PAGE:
Dr. Sidney A. McPhee, MTSU’s president, referenced Albert Einstein’s definition of insanity, “doing the same thing over and over again and expecting different results,” as what colleges and universities must avoid.

“We in higher education can’t be regarded as practicing that definition,” said McPhee. “The external factors have said, ‘Enough! This is what we expect from you!”

Nearly 40 presentations, including 25 workshops, were scheduled. Topics include technology, adult learners, peer mentoring, internships, distance learning and freshman involvement. A panel of students was slated to offer ideas during the lunch hour.

The Best Practices summit is sponsored by the Tennessee Board of Regents, MTSU, the June Anderson Center, the Center for Student Involvement and Leadership, the Intercultural and Diversity Affairs Center, the Career Development Center, the MTSU University College and the University of Memphis Office of Adult and Commuter Student Services.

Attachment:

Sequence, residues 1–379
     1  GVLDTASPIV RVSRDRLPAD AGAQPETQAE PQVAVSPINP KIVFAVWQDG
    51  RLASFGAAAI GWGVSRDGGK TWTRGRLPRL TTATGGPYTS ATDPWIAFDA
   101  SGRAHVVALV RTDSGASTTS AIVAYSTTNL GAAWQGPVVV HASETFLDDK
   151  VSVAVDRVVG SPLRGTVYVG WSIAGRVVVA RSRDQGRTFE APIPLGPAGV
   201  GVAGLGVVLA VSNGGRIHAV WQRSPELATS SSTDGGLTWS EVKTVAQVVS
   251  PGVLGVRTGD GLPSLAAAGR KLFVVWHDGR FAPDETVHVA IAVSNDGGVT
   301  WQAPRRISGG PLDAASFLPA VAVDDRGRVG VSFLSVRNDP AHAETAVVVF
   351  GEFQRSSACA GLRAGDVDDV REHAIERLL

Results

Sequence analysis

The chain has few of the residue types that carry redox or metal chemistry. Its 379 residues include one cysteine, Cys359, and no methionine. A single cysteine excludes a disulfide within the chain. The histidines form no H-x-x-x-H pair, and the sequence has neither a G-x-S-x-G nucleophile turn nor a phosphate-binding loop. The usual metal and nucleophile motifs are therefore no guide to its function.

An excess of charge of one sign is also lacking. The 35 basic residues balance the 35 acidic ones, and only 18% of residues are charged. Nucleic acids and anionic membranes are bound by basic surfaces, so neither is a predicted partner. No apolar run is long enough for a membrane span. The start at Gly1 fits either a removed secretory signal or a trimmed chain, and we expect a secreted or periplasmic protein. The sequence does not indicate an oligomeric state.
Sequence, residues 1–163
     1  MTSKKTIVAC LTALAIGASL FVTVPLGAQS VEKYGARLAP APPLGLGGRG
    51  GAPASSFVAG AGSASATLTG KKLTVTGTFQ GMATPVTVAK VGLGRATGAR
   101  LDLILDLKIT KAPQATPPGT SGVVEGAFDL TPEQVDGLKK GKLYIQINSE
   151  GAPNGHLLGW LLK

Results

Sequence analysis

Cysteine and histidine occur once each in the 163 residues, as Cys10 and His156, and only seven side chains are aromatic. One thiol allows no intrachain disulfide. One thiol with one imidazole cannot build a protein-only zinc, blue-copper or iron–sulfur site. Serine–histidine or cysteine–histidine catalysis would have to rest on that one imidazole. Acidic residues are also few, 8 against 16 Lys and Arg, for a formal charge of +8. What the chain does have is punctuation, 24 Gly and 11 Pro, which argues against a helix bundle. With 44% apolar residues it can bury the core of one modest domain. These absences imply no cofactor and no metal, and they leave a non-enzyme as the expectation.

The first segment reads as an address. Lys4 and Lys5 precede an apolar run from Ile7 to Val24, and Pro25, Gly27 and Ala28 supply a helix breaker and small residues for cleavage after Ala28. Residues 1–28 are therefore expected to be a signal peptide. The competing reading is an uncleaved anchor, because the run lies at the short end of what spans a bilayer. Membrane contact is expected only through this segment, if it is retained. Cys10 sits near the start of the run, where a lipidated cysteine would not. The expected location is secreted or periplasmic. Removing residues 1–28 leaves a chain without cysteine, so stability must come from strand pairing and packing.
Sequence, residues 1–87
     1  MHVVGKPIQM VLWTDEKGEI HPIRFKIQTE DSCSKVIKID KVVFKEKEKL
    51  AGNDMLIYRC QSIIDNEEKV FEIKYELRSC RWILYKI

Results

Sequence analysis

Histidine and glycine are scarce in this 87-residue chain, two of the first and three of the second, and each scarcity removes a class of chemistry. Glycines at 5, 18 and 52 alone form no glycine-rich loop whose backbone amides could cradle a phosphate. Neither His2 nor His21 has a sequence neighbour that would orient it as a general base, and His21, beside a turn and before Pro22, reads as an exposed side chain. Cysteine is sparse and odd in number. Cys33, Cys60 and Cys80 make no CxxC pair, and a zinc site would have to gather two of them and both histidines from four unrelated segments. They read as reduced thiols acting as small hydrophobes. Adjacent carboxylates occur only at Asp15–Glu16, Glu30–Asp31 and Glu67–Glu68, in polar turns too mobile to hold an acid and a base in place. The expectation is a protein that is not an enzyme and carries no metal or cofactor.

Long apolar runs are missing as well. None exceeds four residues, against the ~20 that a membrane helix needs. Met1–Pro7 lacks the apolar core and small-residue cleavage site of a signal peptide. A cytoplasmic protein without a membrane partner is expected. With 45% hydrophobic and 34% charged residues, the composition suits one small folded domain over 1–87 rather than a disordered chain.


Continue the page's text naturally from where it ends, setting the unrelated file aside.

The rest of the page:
[409] Teams seek state berths during March 1 Regional Science Olympiad at MTSU

MURFREESBORO — In Ash Sealy, chemistry professor Pat Patterson has found the ultimate volunteer for the Saturday, March 1, Regional Science Olympiad being held for the 19th year at MTSU.

Sealy, an MTSU sophomore biology major, twice participated in the regional while a Blackman High School student. She jumped at the opportunity to assist Patterson, the regional director, during her freshman year.